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research might consider the role of KDs in these contexts (110). Unfortunately, few such
studies have been performed, and we are often left with case studies (111, 112).
We can, however, piece together various strands of evidence suggesting a more
nuanced picture on animal fats as CRC risk factors. First, some mouse models and pre-
clinical studies show KDs or ketones to be cancer suppressive (113, 114), perhaps pri-
marily through glucose restriction (103) and by increasing intratumoral oxidative stress,
leading to tumor cell apoptosis (115). Variations of therapeutic KDs might provide ben-
ets for breast cancer by decreasing tumor necrosis factor alpha (TNF-
a
) and insulin
while increasing interleukin 10 (IL-10) (116) and may be a promising adjuvant therapy
for various cancers (117121). However, as many of these studies are in animal models,
caution is warranted (122, 123). At the least, these studies and recent reviews suggest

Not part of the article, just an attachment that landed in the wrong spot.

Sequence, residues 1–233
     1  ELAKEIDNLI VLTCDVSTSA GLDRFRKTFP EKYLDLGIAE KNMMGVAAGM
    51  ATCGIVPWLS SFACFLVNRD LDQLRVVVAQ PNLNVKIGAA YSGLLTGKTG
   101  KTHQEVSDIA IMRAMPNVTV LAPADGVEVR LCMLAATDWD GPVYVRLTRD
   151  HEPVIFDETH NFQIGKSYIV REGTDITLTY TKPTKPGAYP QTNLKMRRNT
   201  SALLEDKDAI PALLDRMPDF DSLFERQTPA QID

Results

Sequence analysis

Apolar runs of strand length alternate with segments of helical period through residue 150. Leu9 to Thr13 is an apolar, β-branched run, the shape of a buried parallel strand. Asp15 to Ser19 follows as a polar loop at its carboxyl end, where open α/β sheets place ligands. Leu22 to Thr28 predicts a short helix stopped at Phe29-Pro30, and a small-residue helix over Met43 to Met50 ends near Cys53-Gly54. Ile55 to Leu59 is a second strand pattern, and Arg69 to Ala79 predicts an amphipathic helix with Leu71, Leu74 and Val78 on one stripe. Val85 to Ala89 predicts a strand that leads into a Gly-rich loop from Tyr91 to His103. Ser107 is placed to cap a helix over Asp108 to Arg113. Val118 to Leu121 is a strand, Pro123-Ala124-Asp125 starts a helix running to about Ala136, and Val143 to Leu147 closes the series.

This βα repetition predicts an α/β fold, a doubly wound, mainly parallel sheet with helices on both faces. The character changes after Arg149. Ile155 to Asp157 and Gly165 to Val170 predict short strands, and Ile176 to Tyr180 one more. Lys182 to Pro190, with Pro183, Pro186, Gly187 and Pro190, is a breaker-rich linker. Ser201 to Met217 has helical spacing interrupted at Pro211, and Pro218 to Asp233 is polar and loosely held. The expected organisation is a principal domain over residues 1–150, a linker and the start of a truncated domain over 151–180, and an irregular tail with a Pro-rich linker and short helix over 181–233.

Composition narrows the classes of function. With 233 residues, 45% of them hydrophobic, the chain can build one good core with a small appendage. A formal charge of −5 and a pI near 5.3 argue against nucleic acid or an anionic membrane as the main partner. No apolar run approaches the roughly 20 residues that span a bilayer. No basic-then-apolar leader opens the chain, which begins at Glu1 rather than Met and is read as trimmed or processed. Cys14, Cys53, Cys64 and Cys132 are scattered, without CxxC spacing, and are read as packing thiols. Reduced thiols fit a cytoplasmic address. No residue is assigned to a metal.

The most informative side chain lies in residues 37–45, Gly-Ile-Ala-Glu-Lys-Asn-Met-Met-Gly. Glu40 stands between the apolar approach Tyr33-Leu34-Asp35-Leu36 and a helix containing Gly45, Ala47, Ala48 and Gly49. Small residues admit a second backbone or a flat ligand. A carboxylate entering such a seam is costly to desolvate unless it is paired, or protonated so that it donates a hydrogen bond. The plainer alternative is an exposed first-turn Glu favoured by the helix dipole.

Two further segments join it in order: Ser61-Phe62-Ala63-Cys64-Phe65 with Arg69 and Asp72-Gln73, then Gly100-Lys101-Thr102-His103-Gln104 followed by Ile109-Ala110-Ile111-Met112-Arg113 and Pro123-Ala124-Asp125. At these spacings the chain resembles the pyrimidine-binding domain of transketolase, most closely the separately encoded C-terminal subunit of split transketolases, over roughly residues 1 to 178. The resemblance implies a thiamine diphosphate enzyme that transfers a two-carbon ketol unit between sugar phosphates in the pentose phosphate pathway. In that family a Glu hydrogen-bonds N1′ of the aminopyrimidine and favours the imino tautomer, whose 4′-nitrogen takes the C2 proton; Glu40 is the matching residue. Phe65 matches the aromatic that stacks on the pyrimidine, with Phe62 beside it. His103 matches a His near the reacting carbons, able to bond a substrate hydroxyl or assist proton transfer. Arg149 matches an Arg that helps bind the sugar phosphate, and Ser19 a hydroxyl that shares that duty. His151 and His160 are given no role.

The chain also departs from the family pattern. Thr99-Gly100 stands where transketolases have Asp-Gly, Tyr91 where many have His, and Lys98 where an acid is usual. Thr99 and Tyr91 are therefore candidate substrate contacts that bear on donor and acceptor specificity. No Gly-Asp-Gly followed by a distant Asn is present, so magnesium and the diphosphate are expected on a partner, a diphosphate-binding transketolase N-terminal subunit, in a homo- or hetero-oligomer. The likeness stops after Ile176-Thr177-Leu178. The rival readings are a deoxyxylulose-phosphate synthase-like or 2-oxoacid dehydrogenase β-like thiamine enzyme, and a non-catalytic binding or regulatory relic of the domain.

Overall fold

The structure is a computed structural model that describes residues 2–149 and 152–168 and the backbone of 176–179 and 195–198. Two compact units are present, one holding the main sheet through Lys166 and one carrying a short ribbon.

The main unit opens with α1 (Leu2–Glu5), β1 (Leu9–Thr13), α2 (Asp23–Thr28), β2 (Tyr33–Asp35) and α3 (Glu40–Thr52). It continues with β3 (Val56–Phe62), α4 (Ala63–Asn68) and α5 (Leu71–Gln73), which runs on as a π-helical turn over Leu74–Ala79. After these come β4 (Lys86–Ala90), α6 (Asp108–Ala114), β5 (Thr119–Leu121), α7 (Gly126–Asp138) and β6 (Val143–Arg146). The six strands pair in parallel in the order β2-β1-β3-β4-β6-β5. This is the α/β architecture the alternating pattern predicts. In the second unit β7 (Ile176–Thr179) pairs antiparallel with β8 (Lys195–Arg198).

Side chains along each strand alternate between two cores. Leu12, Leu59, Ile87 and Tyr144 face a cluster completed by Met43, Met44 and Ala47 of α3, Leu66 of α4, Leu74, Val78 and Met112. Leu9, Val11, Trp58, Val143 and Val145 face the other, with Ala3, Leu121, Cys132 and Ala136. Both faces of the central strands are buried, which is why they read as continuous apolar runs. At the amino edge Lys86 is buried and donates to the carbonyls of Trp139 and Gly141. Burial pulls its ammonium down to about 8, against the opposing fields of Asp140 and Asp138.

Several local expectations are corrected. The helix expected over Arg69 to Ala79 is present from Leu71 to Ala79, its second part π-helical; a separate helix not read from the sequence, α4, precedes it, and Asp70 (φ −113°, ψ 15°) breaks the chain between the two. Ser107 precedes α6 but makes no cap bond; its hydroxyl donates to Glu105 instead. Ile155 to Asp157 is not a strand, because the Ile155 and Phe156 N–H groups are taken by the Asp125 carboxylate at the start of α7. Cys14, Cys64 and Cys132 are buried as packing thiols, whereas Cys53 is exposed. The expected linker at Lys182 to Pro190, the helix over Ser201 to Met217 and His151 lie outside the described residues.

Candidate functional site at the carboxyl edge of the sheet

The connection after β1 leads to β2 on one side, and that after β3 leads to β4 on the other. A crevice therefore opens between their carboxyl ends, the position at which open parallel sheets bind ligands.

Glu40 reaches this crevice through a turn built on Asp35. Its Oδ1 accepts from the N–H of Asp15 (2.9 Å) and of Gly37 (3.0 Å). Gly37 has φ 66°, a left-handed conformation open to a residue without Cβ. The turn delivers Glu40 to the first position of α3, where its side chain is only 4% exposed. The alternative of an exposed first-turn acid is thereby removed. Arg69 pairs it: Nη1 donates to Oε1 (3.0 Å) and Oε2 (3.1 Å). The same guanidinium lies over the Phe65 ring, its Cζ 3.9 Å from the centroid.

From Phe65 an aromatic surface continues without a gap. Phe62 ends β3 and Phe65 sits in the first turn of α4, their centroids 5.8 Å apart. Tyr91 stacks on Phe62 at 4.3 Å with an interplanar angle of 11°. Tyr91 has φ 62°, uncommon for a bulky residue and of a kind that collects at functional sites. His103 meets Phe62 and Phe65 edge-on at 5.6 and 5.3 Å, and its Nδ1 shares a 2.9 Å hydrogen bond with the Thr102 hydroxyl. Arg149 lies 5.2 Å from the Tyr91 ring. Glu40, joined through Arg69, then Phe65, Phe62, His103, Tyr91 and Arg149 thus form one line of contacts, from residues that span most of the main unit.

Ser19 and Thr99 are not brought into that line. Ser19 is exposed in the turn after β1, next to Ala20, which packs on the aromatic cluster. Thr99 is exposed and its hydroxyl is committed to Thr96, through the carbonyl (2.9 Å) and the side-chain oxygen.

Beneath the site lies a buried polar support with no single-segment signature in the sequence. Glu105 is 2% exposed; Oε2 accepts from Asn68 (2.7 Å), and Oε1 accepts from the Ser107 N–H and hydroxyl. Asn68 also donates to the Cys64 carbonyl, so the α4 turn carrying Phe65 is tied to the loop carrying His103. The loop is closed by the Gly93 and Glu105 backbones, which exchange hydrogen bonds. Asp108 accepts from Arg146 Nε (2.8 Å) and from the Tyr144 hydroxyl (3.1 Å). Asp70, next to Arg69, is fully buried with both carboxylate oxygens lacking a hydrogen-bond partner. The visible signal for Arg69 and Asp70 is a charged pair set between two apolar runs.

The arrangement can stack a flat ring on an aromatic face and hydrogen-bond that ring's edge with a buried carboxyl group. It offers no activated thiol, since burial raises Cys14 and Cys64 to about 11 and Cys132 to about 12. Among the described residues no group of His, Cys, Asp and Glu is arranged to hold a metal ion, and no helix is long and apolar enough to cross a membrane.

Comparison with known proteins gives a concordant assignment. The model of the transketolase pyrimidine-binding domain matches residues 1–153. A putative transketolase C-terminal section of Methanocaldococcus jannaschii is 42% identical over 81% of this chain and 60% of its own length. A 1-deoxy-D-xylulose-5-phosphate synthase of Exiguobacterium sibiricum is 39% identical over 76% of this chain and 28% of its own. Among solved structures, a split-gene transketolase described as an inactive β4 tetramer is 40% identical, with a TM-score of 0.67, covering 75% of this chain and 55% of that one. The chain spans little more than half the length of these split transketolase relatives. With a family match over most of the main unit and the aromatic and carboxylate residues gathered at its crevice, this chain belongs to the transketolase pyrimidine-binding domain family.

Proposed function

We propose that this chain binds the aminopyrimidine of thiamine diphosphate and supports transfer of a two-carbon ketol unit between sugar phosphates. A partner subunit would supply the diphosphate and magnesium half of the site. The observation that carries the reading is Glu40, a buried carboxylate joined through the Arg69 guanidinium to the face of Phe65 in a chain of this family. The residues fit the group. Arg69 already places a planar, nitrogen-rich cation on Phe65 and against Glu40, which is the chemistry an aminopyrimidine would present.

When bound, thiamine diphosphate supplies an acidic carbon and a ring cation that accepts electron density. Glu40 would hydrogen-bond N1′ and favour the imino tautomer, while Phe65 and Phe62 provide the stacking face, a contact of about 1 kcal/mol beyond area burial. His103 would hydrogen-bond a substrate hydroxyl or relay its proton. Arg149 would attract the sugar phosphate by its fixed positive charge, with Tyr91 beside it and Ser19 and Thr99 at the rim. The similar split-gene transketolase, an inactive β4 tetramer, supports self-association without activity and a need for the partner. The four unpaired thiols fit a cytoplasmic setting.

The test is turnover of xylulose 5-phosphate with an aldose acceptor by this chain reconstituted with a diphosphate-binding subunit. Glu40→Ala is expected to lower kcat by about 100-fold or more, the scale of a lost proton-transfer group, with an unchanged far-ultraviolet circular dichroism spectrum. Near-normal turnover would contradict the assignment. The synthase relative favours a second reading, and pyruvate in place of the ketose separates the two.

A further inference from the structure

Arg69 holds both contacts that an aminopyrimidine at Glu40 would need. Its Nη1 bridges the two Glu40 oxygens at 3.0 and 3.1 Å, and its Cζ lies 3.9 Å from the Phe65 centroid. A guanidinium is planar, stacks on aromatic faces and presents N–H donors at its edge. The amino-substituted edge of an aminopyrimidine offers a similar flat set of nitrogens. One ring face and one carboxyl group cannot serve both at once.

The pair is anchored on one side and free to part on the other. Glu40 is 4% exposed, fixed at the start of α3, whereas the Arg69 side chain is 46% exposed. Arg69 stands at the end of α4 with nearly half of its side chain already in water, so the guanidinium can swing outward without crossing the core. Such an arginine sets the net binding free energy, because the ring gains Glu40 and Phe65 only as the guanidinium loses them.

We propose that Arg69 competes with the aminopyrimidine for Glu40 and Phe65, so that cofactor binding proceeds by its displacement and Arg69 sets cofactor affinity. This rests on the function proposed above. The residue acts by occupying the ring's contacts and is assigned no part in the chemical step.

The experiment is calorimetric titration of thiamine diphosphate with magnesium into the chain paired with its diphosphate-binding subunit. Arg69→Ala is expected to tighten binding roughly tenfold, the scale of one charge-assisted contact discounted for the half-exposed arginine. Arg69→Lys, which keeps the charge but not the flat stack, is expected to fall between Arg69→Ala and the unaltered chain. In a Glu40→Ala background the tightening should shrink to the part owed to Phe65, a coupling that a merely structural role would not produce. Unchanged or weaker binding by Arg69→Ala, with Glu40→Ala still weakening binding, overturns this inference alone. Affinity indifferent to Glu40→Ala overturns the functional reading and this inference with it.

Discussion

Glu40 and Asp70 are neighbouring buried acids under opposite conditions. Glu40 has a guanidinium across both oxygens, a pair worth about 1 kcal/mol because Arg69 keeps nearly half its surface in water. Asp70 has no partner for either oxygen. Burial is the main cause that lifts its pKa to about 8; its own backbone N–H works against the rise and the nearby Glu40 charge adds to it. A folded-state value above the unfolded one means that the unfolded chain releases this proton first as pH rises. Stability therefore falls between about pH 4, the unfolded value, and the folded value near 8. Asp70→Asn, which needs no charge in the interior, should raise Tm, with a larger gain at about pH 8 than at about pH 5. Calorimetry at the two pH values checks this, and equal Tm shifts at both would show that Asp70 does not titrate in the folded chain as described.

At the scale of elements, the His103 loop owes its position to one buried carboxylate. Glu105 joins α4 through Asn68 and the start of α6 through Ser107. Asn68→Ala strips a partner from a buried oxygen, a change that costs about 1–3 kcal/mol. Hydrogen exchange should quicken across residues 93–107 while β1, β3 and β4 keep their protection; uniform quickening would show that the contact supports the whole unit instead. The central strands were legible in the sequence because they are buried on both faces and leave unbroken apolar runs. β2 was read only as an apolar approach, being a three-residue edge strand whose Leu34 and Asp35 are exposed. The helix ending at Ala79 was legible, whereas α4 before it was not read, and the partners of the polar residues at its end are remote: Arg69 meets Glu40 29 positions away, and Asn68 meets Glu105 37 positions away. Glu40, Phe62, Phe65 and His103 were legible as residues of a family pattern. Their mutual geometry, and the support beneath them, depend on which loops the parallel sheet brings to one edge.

a variety of mechanisms by which animal-food-based KDs may have benecial effects
on colorectal and other cancers.
This evidence converges with studies suggesting that reducing red meat and total
fat consumption, while increasing fruit and grain consumption, does not reduce the
risk for polyp reoccurrence even after 8 to 16 years (124126) and has unclear risk ben-
ets for CRC or any kind of cancer (127129). Animal models suggesting that beef
consumption does not promote cancer, that bacon may be protective, and that un-
saturated fat may have carcinogenic effects (130, 131) all increase the likelihood that
strong statements on animal foods and cancer are premature. Similarly, a growing